Gates Pass 360° Panorama
Gates Pass 360° Panorama

You can also view this on a tablet or iPad. With the right browser, you will be able to look in different directions just by turning the tablet.

To see all of the panoramas I have published, check out my Panorama Page at roundme.com/@garystebbins. When on that page, click the “TOURS” button to see the panoramas I have published. Some of the images here have been shot with my camera on a tripod, while others have been shot from a drone. Keep watching this site, as I will be adding new panoramas from time to time. 🙂

Editing & Publishing (again)

Once again, I will be editing a book for a friend and then publishing it, both as an e-book and as a printed book. I’ve done several others for David Preston over the last several years.

In addition to editing and publishing his new novel, I will be re-publishing his other books. Why? His earlier books were published with his name as Dave Preston, and the later ones as David Preston. This causes some confusion for Amazon and other platforms. Following his author name spelled one way won’t necessarily find the books with the other spelling. So he is standardizing on David Preston. Also, we are updating author information and adding some other content.

Also, his books were only published on Amazon, and we will be publishing with a wider distribution, e.g., Barnes & Noble, Apple Books, Kobo. And they will be available to libraries.

How did I get started editing and publishing? Way back in college (Whitworth College, now Whitworth University) I knew several of the staff on the college student newspaper. I noticed quite a few typos in the papers, so started marking them up and giving them back to the Executive Editor. She suggested that I should do my markup before they published, instead of after, and so I became first a proofreader, then later Managing Editor of the college paper. I also did quite a bit of typing of the newspaper on a Varityper machine, which right-justified the type. This was a bit before the college paper had computers to do this for us. On this machine you typed each line twice – once for the machine to measure the length of the line, then a second time for the Varityper to adjust the space between words to make the type line up at the right margin.

So how did I get into editing books for David Preston? The same way this all started. In 2010 he published an e-book on Amazon, Motorcycle 201. I bought the book, and noticed several typos. I asked if he was interested in knowing about them, and so it began. After that, I proofread and did some copy editing of his books before they were published. His son was doing the publishing.

Then about five years ago, a bit before Thanksgiving, he asked me if I could publish his next book. He was done writing, and his son was tied up with too many tasks to be able to get to it soon. I thought, sure, I could figure this out. And so I did the editing, and read up on how to publish on Amazon at what was then called CreateSpace, now Kindle Direct Publishing (KDP). And Triathlon Ride, the third book in David’s Harrison Thomas Mysteries series, hit the Amazon virtual shelves on November 18, 2014.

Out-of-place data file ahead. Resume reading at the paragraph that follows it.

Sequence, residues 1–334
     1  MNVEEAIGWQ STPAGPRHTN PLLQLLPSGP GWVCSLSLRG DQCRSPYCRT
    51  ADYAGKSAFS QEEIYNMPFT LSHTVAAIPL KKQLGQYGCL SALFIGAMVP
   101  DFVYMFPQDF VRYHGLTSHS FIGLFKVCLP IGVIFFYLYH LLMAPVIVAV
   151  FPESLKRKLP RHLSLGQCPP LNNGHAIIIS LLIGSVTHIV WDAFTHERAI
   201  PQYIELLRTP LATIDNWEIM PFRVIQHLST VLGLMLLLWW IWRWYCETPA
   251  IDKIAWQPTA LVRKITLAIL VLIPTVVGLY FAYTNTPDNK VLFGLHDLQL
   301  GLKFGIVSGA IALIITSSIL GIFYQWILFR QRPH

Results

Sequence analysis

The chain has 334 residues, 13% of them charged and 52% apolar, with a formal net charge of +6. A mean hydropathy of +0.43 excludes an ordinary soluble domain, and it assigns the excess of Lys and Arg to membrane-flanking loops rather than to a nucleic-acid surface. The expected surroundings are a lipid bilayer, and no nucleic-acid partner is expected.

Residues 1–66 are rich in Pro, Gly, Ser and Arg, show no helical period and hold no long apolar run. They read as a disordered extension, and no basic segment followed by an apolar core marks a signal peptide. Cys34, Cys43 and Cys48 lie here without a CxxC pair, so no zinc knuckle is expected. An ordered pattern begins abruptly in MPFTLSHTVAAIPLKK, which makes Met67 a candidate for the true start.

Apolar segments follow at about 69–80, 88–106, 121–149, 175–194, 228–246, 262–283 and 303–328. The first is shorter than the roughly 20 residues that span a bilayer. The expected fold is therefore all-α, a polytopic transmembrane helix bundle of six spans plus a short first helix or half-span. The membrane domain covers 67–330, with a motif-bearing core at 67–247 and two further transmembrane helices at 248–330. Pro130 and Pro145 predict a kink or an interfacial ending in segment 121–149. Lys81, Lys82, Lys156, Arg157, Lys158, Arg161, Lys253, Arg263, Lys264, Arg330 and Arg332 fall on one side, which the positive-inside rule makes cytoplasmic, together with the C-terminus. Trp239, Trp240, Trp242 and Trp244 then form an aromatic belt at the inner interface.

After Triathlon Ride was published as a Kindle Book, David mentioned that someone he knew wanted to read it, but that person would only read it in paper form. David had earlier published Motorcycle 101 in paper form before Print On Demand (POD) was generally available, and he had to front all of the printing costs, then figure out what to do with 1,000 copies of the book. He didn’t want to do that again.

I explained that now, through CreateSpace, he could publish a book in paperback with no up-front cost. Could I do that for him? Well, I didn’t see why not. So I investigated the CreateSpace paperback requirements and worked with David to decide on the trim size (5.25″ x 8″). David had created the cover for the Kindle book, and I started with that and created the cover for the paperback, adding the back material and spine. It was published on December 16, 2014.

So, here we are, getting ready to add one more book to his list (making nine total). In the meantime, I’m working with him to get his past works republished with a wider distribution.

Stay tuned. I’ll announce the books as they are published. Links to all of David’s books can be found at https://books2read.com/rl/gs-preston.

3D Printers

When 3D printers started becoming somewhat affordable several years ago, I thought it would be fun to have one and learn more about the technology and see what uses I could find for it. But the first ones were a bit out of my budget, and I didn’t see what use I would really have for one.